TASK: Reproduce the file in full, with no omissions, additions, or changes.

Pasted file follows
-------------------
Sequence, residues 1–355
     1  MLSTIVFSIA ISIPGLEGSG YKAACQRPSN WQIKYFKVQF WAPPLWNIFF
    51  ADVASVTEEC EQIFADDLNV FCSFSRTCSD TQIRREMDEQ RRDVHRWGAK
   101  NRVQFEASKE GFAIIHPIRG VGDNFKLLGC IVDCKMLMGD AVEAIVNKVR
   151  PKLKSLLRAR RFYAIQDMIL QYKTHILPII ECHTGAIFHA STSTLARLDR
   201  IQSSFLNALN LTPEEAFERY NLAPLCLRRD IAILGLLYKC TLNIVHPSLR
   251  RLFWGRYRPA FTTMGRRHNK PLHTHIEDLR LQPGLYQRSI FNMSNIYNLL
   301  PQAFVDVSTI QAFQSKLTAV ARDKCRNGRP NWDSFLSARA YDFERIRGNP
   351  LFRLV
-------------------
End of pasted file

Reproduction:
Sequence, residues 1–355
     1  MLSTIVFSIA ISIPGLEGSG YKAACQRPSN WQIKYFKVQF WAPPLWNIFF
    51  ADVASVTEEC EQIFADDLNV FCSFSRTCSD TQIRREMDEQ RRDVHRWGAK
   101  NRVQFEASKE GFAIIHPIRG VGDNFKLLGC IVDCKMLMGD AVEAIVNKVR
   151  PKLKSLLRAR RFYAIQDMIL QYKTHILPII ECHTGAIFHA STSTLARLDR
   201  IQSSFLNALN LTPEEAFERY NLAPLCLRRD IAILGLLYKC TLNIVHPSLR
   251  RLFWGRYRPA FTTMGRRHNK PLHTHIEDLR LQPGLYQRSI FNMSNIYNLL
   301  PQAFVDVSTI QAFQSKLTAV ARDKCRNGRP NWDSFLSARA YDFERIRGNP
   351  LFRLV